Not too long ago, the Pew Research Center found that a majority of Americans (57 percent) now believe that the higher education system in the United States ‘fails to provide students with good value for the money they and their families spend.”

It’s making quite the stir – with debate flying across the water cooler to the college blogoshpere, reaching all the way to pundits and panelists on NPR and CNN.  For the first time, people are publicly asking a question that I once thought unthinkable: Is college worth the cost?

Of course, I want to weigh in.  And what I really want to say is an emphatic YES!  But I can’t.  Because it’s not…  always… If you finance your entire eductation investment with debt, you are not going to get the best return on that investment.  Last year student debt toppped consumer credit card debt for the first time, and just last month The New York Times reported that college debt may hit  a trillion dollars this year.  Not good.  Not good at all.  Many of you know how much I abhor the slippery slope that excessive debt creates for our children and how for years now, I’ve been warning my subscribers of a looming student loan bubble that could make the mortgage meltdown seem quaint.

So rather than ask whether college is worth the cost,  I offer this answer instead:  Make College Worth The Cost!

With proper admissions and financial planning (at the outset), you will be able to help your children get into great schools that won’t require mortgaging their future or sacrificing yours. You see, Pew wasn’t the only report on college that came out last week. In a new study from the National Association of College and University Business Officers (the guys that actually set and then discount college prices), it was revealed that nearly 88 percent of first-time, full-time undergraduates received institutional grants (that’s free money) in the form of ‘discounts’ in 2010.  That’s about 6 percentage points higher than I had been projecting from my soap box all year (ahh, validation) and a jump of about 5 percentage points from 2007 and 10 percentage points from 2001.  Of note as well:  about 71 percent of that ‘aid’ was given out to students who demonstrated financial need, which means that 29 percent of that money was awarded on non-need criteria to students who demonstrated value to the institution.

I’m not talking about a little bit either.  And I’m not talking in the theoretic.  Most of our graduating seniors whom we helped demonstrate need, value and desire, received significant offers ($14- $50+K) from great schools such as Union, UM, Southern Cal, Brandeis, Davidson, Duke, UCF, USF, UF, Alma College, George Washington, Tufts, among others.  At this point, only two schools remain on my ‘disslist’ for not living up to their ‘generosity’ billing/branding – The University of Pennsylvania and Barry University, with MIT a not so distant third.

This is important for a few reasons.

1. The right college at the right price is most definitely worth the investment. Last year, for example, when national unemployment was around 11%, it was only 4.5% (full employment) for college graduates 25 and over!  And in the aggregate, college graduates still out-earn non-graduates by about $1.2 million over the course of a lifetime.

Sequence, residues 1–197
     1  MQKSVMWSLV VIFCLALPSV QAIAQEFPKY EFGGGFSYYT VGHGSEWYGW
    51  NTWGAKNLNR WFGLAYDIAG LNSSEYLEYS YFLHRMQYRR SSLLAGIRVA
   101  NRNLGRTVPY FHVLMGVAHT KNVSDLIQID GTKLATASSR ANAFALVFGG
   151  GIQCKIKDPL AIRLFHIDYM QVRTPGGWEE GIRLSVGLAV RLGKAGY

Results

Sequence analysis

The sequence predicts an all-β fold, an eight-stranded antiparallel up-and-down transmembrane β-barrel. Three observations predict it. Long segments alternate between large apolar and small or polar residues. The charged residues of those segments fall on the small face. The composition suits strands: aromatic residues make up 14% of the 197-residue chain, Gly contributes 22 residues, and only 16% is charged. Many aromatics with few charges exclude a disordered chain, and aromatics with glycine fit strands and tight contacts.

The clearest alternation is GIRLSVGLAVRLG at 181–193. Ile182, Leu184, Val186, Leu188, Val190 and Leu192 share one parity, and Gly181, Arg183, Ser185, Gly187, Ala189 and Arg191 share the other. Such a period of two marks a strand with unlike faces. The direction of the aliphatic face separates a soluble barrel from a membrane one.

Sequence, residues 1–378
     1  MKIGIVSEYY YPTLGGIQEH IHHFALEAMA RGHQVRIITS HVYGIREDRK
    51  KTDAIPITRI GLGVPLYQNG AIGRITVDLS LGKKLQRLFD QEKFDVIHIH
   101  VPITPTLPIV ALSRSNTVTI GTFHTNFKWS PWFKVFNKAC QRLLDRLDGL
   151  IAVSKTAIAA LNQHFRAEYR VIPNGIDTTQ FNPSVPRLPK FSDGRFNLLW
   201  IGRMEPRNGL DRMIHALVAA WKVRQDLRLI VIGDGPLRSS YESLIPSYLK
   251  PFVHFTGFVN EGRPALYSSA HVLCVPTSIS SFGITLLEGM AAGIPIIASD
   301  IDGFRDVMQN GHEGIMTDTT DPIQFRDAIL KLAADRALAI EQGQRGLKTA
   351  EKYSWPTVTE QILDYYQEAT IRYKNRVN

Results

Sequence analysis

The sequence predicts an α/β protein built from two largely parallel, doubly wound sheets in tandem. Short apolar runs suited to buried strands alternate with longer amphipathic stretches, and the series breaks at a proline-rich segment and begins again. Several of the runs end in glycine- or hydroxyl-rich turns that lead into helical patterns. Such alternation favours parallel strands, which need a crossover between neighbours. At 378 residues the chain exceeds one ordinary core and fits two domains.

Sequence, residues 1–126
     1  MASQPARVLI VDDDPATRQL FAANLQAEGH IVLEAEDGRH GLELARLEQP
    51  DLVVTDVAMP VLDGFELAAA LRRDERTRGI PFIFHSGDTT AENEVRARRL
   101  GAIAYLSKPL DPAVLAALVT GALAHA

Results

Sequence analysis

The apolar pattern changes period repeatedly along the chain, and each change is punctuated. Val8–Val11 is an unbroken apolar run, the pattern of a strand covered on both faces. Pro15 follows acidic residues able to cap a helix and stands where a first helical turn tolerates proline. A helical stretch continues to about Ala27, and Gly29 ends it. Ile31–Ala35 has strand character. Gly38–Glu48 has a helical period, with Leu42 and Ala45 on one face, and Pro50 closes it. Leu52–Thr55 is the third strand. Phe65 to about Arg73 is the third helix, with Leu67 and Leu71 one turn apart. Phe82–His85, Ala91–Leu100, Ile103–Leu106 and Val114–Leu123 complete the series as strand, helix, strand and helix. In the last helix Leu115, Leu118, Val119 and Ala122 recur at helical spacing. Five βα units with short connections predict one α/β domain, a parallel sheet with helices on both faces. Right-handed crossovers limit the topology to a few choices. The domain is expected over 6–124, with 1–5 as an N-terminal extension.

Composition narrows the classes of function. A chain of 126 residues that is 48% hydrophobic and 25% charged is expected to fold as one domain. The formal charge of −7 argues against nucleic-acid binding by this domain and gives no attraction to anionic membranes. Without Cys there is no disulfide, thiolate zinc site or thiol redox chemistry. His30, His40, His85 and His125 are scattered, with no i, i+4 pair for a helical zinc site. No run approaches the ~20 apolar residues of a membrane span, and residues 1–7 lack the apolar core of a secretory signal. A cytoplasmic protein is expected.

2. College is within your reach, but to find and get into the right college at the right price, you have to plan early and you have to have a family-centric and integrated admissions strategy that considers: how much financial need you’ll be able to demonstrate; which colleges are likely to meet that need; where your student might have leverage (value); and how to demonstrate that value to the ‘recruiters’ of those schools!

3. College is not 13th grade!  Too many students enter college without a plan, without a vision for their academic or professional future, like a rudderless ship tossed around without direction.  The investment is more worthwhile if students bring a sense of commitment to the campus. The 4 year vacation (or 5+ years) with football and basketball season tickets is the wrong formula for a positive college ROI.  That’s why this is a ‘family’ process – it’s not just about the student, and not just about the money.

There are some great resources and tools out there including a new college ROI calculator at payscale.com, but the best place to start is to determine where your student might want to go and compare that list with schools they are likely to get into at the head of the class… and then, determine how much those colleges ‘cost’ versus how much you’re actually going to have to pay to go there!  Those are two different numbers, and I discuss both at my free workshops.  The next one is June 23rd and it’s in Pinecrest (South Miami).  If you’d like more immediate information, then download my free resource guide.  And if your student is about to be a rising 12th grader, consider sending them to my Admissions & Application Bootcamp – this is the best head start they’ll get all summer.

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